1 – “Jobs and income will still be fine.” Those two are not terrible, but they were far from fine in 2014. There was a technical recession that clearly hit consumer and business confidence. The hit on jobs wasn’t gigantic, but it was only because many youngsters chose to stay longer in school or, in the worse case scenario, do absolutely nothing. Income was affected by inflation. That was one of the reasons why the presidential race was so close.
2 – “Brazilian club football will be in a gigantic crisis.” Not even the 7-1 hammering against Germany shook the Brazilian FA, who also runs Brazil’s national league. Sports courts were more prominent than ever. The Judiciary has found evidence of manipulation in the 2013 Brazilian championship, let’s see how that goes. In 2014, unfortunately there was no crisis off the pitch.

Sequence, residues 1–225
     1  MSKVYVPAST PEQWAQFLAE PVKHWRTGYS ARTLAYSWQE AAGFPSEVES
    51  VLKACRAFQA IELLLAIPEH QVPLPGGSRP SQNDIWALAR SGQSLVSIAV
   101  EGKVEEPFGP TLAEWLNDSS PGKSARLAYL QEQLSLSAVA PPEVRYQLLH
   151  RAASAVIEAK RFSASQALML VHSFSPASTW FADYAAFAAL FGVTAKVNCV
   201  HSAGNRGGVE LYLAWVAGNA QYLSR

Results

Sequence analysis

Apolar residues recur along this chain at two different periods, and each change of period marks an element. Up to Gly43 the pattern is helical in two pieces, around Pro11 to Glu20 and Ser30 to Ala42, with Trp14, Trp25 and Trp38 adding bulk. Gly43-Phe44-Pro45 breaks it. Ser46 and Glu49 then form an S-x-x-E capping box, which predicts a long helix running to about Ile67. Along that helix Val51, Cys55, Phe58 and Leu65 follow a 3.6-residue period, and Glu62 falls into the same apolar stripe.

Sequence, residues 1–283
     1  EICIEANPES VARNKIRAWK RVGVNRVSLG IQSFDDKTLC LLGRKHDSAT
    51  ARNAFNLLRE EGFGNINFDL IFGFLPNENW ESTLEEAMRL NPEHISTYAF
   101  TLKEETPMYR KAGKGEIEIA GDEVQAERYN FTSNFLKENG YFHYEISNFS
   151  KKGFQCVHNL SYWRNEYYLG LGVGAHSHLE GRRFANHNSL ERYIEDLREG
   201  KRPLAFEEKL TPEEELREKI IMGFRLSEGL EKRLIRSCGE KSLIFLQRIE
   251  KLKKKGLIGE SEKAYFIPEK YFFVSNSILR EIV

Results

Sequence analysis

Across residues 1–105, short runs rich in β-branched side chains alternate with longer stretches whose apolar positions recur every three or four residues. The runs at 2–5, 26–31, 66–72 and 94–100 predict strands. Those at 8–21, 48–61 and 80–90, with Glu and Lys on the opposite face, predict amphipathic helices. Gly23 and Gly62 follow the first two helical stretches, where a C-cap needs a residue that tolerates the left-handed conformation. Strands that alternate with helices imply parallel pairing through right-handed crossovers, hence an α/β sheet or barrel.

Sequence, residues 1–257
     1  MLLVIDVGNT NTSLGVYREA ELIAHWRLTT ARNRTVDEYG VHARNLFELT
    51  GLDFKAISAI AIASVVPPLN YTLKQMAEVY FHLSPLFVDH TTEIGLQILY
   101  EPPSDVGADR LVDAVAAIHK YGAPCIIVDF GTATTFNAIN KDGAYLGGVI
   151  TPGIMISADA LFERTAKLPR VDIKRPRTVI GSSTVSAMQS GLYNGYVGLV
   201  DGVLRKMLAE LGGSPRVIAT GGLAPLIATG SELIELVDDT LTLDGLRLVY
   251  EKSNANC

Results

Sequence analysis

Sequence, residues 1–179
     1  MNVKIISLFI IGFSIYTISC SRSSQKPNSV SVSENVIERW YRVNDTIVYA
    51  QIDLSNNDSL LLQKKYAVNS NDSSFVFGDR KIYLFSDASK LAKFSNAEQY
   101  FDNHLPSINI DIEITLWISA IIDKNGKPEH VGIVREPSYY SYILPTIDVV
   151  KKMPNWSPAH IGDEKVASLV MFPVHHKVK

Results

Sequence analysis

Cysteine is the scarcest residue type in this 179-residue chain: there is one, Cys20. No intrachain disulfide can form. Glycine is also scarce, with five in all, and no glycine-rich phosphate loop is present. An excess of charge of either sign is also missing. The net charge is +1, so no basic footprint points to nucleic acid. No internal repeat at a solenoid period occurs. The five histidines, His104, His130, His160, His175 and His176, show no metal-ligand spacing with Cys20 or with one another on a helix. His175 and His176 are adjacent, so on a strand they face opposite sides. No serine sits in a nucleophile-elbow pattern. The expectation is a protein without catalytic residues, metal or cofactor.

3 – “There will be protests, but nothing like June 2013.” Anti-World Cup protests were a massive flop. Even smaller than I expected. But Brazil’s conservative wave has produced big protests after the tournament ended. Some had more than 5,000 people, which is more than anyone expected. Of course part of that is thanks to the presidential election and a crazy claim for impeachment of President Dilma Rousseff. But these movements are not small and I didn’t see that coming.
4 – “Once the World Cup is over, Brazilians will be mad about the wasted opportunities.” It wasn’t even a topic after the World Cup ended. Not even opposition presidential candidates brought it up. When I made this prediction, I was listening too much to critics that believe Brazil is a poor country that couldn’t afford stadia. That is not the case: Brazil is unjust and the matter with the venues was of priority, not of being able to pay for them. It wasn’t a matter of building arenas or hospitals.
5 – “Rating agencies won’t downgrade Brazil.” Investment grade is still here, but the outlook is very different. Brazil’s new Finance Minister is a desperate attempt to keep the highest regard of rating agencies.
But the worst prediction I made, by far, is this one.
Sorry, folks. These things happen.